2. Emotet is a modular Trojan that downloads or drops banking Trojans. Initial infection occurs via malspam emails that contain malicious download links, a PDF with embedded links, or a macro-enabled Word attachment. Emotet incorporates spreader modules in order to propagate throughout a network. Emotet is known to download/drop the Pinkslipbot and Dridex banking Trojans. Currently, there are four known spreader modules: Outlook scraper, WebBrowserPassView, Mail PassView, and a credential enumerator.
    1. Outlook Scraper: a tool that scrapes names and email addresses from the victim’s Outlook accounts and uses that information to send out phishing emails from the compromised account;
    2. WebBrowserPassView: a password recovery tool that captures passwords stored by Internet Explorer, Mozilla Firefox, Google Chrome, Safari, and Opera and passes them to the credential enumerator module;
    3. Mail PassView: a password recovery tool that reveals passwords and account details for various email clients such as Microsoft Outlook, Windows Mail, Mozilla Thunderbird, Hotmail, Yahoo! Mail, and Gmail and passes them to the credential enumerator module;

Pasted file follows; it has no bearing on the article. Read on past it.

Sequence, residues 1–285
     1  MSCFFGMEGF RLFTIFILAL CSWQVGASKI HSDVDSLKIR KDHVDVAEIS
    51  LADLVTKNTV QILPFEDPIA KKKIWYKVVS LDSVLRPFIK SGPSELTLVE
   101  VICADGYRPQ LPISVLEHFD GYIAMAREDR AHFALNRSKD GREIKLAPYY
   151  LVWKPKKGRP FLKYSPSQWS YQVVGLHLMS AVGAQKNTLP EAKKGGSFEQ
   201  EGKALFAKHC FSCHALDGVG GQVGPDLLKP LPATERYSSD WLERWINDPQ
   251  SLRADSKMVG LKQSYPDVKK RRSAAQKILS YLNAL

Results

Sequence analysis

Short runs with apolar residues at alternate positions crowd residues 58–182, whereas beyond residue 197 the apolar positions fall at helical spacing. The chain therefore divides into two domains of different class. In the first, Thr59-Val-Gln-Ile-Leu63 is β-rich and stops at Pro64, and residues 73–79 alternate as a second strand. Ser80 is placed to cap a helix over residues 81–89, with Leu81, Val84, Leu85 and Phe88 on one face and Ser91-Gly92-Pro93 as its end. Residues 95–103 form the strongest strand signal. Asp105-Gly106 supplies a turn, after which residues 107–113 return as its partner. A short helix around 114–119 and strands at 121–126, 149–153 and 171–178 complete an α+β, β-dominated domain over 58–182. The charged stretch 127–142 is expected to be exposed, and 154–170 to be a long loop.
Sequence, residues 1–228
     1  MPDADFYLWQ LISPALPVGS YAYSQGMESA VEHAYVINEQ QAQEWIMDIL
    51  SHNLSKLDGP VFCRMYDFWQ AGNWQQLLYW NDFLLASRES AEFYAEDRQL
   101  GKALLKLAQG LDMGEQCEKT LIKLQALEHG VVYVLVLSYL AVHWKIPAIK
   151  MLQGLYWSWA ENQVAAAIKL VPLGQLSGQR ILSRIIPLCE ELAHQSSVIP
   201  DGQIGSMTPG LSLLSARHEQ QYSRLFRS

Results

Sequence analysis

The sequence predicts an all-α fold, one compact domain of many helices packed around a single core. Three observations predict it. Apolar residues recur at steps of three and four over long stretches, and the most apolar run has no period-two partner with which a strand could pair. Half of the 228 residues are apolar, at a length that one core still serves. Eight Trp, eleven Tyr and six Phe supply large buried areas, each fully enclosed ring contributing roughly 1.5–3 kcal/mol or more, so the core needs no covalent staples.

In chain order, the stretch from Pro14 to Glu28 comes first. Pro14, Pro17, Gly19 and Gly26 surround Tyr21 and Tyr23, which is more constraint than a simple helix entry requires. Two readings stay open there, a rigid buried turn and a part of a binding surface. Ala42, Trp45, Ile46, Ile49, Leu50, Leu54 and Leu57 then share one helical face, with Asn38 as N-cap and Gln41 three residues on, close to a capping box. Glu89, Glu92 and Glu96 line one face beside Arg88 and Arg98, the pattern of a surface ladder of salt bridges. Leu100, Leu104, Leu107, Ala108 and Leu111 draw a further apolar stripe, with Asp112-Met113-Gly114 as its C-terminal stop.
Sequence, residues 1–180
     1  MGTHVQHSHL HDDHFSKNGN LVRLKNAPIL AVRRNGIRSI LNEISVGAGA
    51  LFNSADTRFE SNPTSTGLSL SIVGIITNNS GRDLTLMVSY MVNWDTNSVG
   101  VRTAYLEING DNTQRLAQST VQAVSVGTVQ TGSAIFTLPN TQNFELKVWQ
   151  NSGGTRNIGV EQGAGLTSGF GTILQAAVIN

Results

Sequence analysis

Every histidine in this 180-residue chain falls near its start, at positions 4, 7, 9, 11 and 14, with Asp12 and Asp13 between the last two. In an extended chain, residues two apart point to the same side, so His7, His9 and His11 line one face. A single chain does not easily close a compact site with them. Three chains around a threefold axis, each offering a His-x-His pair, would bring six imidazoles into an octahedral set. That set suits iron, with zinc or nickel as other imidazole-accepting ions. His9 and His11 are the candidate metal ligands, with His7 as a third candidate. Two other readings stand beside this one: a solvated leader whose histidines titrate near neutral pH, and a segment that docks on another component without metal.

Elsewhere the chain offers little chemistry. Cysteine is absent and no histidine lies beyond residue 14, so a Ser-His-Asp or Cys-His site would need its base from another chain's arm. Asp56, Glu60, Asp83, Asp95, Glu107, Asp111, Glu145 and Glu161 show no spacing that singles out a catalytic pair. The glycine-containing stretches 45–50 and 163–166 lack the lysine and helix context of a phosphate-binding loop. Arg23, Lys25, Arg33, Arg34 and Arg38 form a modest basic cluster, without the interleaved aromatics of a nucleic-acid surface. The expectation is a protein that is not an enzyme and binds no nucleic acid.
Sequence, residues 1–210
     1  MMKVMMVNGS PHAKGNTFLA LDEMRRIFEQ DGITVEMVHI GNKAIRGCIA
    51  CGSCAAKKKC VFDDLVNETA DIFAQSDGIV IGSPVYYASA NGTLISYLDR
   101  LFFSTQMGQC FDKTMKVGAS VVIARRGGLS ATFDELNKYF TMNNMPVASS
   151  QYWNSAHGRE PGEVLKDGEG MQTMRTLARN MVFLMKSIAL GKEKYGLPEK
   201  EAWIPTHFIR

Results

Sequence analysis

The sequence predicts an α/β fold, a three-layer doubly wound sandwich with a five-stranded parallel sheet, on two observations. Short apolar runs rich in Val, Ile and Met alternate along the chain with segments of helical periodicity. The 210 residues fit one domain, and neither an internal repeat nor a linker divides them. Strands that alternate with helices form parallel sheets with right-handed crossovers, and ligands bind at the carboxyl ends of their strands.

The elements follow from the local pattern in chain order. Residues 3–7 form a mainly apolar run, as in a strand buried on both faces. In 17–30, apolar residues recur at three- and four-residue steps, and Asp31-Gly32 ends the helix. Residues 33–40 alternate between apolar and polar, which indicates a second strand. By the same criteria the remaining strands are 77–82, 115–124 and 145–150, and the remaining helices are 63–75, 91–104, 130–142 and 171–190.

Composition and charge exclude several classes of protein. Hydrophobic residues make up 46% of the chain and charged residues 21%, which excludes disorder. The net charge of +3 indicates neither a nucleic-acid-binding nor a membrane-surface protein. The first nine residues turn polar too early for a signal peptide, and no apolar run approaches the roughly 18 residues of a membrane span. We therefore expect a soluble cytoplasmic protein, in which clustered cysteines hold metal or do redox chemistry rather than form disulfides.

4. Credential Enumerator: a self-extracting RAR file containing a bypass and a service component. The bypass component is used for enumeration of network resources and either finda writable share drives or tries to brute force user accounts, including the administrator account. Once an available system is found, Emotet then writes the service component on the system, which writes Emotet onto the disk.
  3. CoinMiner is a cryptocurrency miner that was initially disseminated via malvertising. Once a machine is infected, CoinMiner uses Windows Management Instrument (WMI) and EternalBlue to exploit SMB and spread across a network. CoinMiner uses the WMI Standard Event Consumer scripting to execute scripts for persistence.